|Posted by Amanda South on August 4, 2016 at 9:20 PM|
So I got a Phone call this AM from a snake owner trying to trouble shoot a sick snake that they have owned for over 15 years now... Here was one of two things i thought of and then started looking it up and here's some neat infomation i thought i would share.
Artical By Elise Xavier
Although a good number of reptiles, and pets in general, are infected with salmonella, it’s actually quite near impossible to tell if your reptile has salmonella, as the visible symptoms are minuscule if they are at all noticeable. There are over 2200 strains of salmonella, and most animals, including cats, dogs, and other mammals, as well as reptiles and amphibians, are able to be infected by many of them. That being said, in many cases, a strain of salmonella will not cause any symptoms to the host, but if passed on to another species, will make the new host quite ill. Thus, there are strands of salmonella that will do nothing to your snake, even if it is infected, yet if passed on to you, may cause you to become severely ill. This is why it’s always a good idea to wash your hands after you’ve handled your pet, even if you don’t suspect he or she has salmonella.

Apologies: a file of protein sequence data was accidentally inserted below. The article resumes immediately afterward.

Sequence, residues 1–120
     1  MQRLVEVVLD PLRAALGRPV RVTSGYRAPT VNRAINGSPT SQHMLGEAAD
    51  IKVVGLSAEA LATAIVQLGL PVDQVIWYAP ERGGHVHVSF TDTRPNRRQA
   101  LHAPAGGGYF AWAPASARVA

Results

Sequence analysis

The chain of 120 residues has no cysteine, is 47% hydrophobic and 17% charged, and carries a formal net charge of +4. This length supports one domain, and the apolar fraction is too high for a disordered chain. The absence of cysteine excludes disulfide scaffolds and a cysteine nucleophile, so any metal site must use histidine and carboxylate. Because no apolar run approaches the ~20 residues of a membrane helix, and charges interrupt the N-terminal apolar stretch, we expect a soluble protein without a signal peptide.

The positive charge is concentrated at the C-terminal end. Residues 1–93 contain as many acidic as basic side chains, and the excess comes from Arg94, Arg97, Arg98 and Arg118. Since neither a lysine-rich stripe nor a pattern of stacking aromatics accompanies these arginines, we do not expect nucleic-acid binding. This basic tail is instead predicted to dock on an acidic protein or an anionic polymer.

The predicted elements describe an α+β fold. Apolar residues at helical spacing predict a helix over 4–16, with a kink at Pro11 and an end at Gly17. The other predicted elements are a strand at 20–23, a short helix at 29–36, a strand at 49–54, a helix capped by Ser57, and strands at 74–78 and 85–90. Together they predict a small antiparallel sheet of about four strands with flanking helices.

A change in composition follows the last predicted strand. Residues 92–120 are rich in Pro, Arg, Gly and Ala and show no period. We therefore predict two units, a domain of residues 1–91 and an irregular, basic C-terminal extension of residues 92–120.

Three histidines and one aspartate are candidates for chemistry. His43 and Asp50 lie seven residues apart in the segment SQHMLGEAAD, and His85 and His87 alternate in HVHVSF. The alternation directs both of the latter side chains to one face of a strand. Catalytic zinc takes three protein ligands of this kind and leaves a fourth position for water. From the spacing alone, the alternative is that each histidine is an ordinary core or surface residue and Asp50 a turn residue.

When an animal does manifest the symptoms of salmonella, which, as has been stated, does not happen all the time even if the animal is infected, symptoms may include weight loss, dehydration, diarrhea, and sometimes lethargy. Yet weight loss, dehydration, diarrhea and lethargy in snakes can all be caused by other things. Most of these symptoms, for example, are frequently caused by improper husbandry conditions in the snake’s enclosure, such as temperatures or humidity being too high or low. So you should never jump to the conclusion that your pet has salmonella just because you see one of the above symptoms. You should, however, be concerned about your pet if it has had a severe case of diarrhea, or shows any of the symptoms listed in extremes. Whether or not your snake has salmonella should be left for a vet to decide, but regardless of whether or not your pet has an infection, severe symptoms should not be taken lightly. Therefore, if your pet has them, you should arrange to see a vet immediately.
In order to test for salmonella, vets will take environmental swabs, samples of animal feces which contain bacterial culture, or even rectal swabs, and use these samples to test for any infection. That being said, even these tests sometimes give false negatives, as, although the bacteria does show up in feces, it does not show up in all instances. This means that even if your pet has salmonella and samples are tested by a vet, different samples will need to be collected and analyzed at different times to be certain that the negative result is not a false negative, and to be certain that the pet does not have salmonella. This results in it being very hard to test for salmonella, let alone to diagnose it by mere sight.